2. Ben Edelman is incorrect and shows a reckless regard for the truth in nearly every “investigative” attempt to pin bad behavior to good companies. Google, Yahoo and this time Hula Direct. If you look at the packet he claims we directly placed, you clearly see a Zedo tag (we never used Zedo serving directly and this was rebrokered against our policies and quickly terminated).

    Several companies have pinned Ben down in legal agreements which prohibit him from mentioning their name in his blogs and reporting. Claria, Google, Yahoo’s Right Media, ContexWeb and a bunch of other companies large and small have been targets of Ben’s wild, self proclaiming internet police guy acconts–who then turns around and attempts to sell his “Monitoring” back to brand advertisers. Ben is a conflicted guy, who hides behind a Harvard education and affiliation–but is careful not to directly associate himself with Harvard to draw a deep pocket lawsuit target.

    Hula Direct never supported spyware–and apparently several other companies have had to tangle with Ben to neutralize his slander and libel. I have been asked to join in lawsuits against Ben and have declined–as he has already cost enough people their jobs and security by his false and misleading reporting.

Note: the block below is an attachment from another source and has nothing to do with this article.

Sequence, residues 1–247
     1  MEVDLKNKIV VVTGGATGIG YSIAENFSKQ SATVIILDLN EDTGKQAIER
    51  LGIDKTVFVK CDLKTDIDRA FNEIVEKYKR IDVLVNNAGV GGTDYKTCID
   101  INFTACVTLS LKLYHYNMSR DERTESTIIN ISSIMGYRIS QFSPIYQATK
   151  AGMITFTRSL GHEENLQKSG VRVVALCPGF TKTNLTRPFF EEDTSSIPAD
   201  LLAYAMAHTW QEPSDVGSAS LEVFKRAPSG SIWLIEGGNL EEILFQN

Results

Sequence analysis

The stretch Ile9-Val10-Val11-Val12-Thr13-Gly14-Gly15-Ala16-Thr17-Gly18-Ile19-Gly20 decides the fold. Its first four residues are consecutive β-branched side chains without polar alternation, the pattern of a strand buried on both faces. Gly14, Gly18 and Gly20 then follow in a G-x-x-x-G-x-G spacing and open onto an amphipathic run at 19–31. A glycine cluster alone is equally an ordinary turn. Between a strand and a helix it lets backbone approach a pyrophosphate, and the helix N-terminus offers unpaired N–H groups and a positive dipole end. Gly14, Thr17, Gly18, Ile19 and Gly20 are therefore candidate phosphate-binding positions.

In the case of Hula Direct, we had a strict policy with the media buyers we placed our traffic through which prohibited spyware. When we found any breech to that policy, we acted quickly and responsibly to cure the situation. Ben knows this too, as I acted quickly to contact him to explain our innovative, Free Standing Insert distribution model on the internet which generated millions of quality clicks for advertisers over several years of operation. We enabled content websites with advertising revenue by carrying our innovative advertising units and maintained a strict policy against spyware and any rebrokering of our media to shady players.

    My background as an early online media sales executive, who launched advertising sales for IMDB.com, Andover.net, ClickZ.com, eMarketer.com, Iconocast and dozens of other internet brands far exceeds the slander and libel behavior Ben claims in his sloppy posts.

    It is time to clean up the internet–and I suggest Ben focus on the actual bad actors in the sector–like his friend Pesach Lattin, formerly of Vizi Media now working for Scott Richter. Pesach owed hundreds of thousands of dollars in unpaid media to dozens of media suppliers. To avoid paying, Pesach recruited Ben to attack media providers who Pesach owed money to. Hula Direct was one, but there were several others.

    Guess who founded Adotas–Pesach Lattin, Ben’s source for a lot of his fiction.

  3. These posts by someone claiming to be “Mike Warsinske” four years after this expose are ridiculous. The claims that somehow that Ben Eldelman made up these findings because of some nefarious plot not to pay bills is paranoid and strange.